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Manuel's great run shouldn't have ended this way
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It did not have to end this way.

It should not have ended this way.

The most successful manager in Phillies history, the man that brought tears to fans’ eyes when he shouted, “Hey, this is for Philadelphia! This is for our fans!” back on that magical night in October 2008, was fired Friday (see story).

Charlie Manuel is out.

Ryne Sandberg is in.

And it didn’t have to happen this way.

Let’s make something clear here: This day had been brewing since March 2011 when Manuel signed a two-year contract extension with a year to go on his existing deal. On that day, all parties -- from the front office to Manuel -- acknowledged that there would be no talk of another contract until this one was finished. Manuel even made a point to say he’d be close to 70 when the deal was up and he’d take stock of himself and his life at that time before deciding how he’d proceed in his career.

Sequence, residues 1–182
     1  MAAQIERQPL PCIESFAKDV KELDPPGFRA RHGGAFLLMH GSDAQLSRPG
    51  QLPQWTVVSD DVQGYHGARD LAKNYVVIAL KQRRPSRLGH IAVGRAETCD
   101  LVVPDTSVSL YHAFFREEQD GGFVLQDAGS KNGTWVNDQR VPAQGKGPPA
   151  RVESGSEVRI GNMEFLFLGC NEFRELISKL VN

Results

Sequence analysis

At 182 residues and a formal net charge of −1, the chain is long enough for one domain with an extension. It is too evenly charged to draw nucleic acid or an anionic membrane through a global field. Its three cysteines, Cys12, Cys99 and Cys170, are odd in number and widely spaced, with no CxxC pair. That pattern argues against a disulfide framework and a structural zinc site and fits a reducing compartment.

From this seat, that always seemed to be tacit acknowledgment by Manuel that he’d move on after the 2013 season and hand off, head high, to a younger man as the organization changed course.

This spring, Manuel made some noise about wanting to manage beyond this season, but that was probably just the proud, tough guy in him talking. Manuel never took kindly to suggestions that he was weak, so whenever questions about his lame-duck status came up, he handled them by digging in and defending his record instead of shrugging and saying, “We’ll see what happens.”

That’s just Charlie.

But deep down inside, Manuel knew he was not going to manage beyond this season. He’s a smart baseball man and knows organizations have to occasionally churn the mix and it was going to be his turn in October -- unless this aging team somehow pulled off another World Series title. He knew his expiration date had been stamped the day he signed his extension. And he knew it more than ever in recent weeks when the losses piled up and the writing on the wall was in big, bold letters.